The questions Labour has to answer

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Some would like to think Labour is having a bad weekend. If the papers were to be believed Ed Miliband is a disaster, when Labour stands at 41% in the polls. And his brother says Labour should move on from last year, and he's right.

So, although some would like to suggest Labour's having a bad time because of problems with its leadership I'm not sure that's true. I think Labour is having the same bad time all politics is having.

I've explained the ethical problem that I think all political parties in this country are facing at present: and that it is a problem of their own making. They have all, it seems, in the face of the financial crisis decided that there must be a smaller role for government in our society without there being any logic backing up that decision.

The reality is that the need for government intervention is independent of the size of our banking sector.  It is, of course, constrained by what we can afford, but that again is independent of our banks: there are very many more variables involved.

Politicians have, however, almost universally  linked the failure of our financial services sector with an apparent need to cut all forms of public services.  That logic is flawed. This is already very obvious: the Conservatives are failing to deliver almost any of the policies they have adopted based on this flawed logic. As the months and years go on that  failure will become increasingly apparent.

The simple fact is that in logic you can't work out what out to be happening from what is happening, and in politics you can't work out  what government policy  should be  as a result of the failure of parts of our banking system. Both  facts should be glaringly obvious, but that doesn't seem to be the case.  Until our politicians realise this then we're going to continue to live in a mess,  a muddle and a situation where democracy itself might be threatened due to the failure of government to deliver what is needed in our society.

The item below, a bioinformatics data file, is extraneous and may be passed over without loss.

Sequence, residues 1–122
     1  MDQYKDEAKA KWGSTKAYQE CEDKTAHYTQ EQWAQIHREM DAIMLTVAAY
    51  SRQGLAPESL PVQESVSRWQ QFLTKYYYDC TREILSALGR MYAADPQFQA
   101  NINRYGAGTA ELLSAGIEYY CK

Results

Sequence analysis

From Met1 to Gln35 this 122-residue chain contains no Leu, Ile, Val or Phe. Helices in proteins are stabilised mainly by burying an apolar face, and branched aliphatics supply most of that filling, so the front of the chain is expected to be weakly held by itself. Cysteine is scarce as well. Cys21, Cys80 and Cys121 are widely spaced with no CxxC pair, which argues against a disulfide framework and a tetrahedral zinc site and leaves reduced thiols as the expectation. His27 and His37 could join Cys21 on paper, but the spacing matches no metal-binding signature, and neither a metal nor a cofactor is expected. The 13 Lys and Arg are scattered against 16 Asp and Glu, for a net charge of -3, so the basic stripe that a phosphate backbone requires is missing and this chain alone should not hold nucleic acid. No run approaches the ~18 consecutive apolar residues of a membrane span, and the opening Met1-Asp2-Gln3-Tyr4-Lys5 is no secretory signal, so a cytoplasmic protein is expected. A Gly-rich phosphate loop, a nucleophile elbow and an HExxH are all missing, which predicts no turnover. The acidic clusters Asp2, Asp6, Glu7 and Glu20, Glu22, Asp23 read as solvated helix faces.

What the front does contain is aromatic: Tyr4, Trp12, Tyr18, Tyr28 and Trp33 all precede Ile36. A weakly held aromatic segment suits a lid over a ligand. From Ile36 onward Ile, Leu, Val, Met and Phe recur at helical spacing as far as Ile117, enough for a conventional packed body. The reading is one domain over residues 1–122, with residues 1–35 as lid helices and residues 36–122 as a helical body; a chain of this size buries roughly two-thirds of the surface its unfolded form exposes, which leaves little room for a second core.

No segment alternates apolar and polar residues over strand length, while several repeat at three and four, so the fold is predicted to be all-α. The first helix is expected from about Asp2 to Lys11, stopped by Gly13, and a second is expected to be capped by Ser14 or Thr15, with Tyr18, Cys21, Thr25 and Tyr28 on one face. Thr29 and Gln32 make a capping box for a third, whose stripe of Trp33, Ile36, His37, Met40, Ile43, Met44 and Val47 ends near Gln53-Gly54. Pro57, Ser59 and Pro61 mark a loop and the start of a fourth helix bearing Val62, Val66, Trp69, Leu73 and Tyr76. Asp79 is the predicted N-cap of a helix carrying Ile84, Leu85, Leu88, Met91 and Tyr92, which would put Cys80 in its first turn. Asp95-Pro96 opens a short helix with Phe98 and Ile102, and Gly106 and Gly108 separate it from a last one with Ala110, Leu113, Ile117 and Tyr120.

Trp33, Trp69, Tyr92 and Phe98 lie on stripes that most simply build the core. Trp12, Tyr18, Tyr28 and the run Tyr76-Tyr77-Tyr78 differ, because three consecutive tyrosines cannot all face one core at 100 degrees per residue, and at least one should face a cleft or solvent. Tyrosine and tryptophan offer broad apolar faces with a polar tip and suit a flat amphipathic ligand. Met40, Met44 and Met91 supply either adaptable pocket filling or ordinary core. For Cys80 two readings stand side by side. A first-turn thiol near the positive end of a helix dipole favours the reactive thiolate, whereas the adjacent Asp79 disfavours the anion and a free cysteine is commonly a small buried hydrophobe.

The challenge, therefore, is to create a viable alternative.  The Conservatives won't do this.  They're not delivering small government because of the banking failure: they're trying to deliver it because they believe in it.  They will fail because they will discover it's just not possible to reconcile their fantasy of government with reality. Labour can, however, accept the challenge. But, if it is to do so then it has to  answer four questions.  They are:

1) What is government for?

2) Why is that the case?

3) What policies should have priority as a result?

4) How do we pay for them?

These questions are more important than they might seem. Taking just the first as an example, it seems we have developed a breed of politicians who want power and yet have almost no clue what they wish to do with it. Wishing to hold power so you can privatise much of what the state is doing does not give any reason to have confidence in a politician. And nor does it encourage faith in government itself, or democracy, or in the services the state and that all who work for it can provide.

Of course it is appropriate for a politician to believe in the private sector, and in what it can do and what it can provide. Indeed, it would be very odd if a UK politician did not have that belief. But surely what we need in a politician is someone who believes in government, what it can do, and what it can deliver?

That confidence is almost absent in politics at present. There is no narrative of belief in government in existence, even amongst politicians of the left. That, I think, is a significant cause of the lack of confidence in politicians and democracy itself at present. The confusion that politicians exhibit about the purpose of government is very obvious to all, and people now reflect that back at them.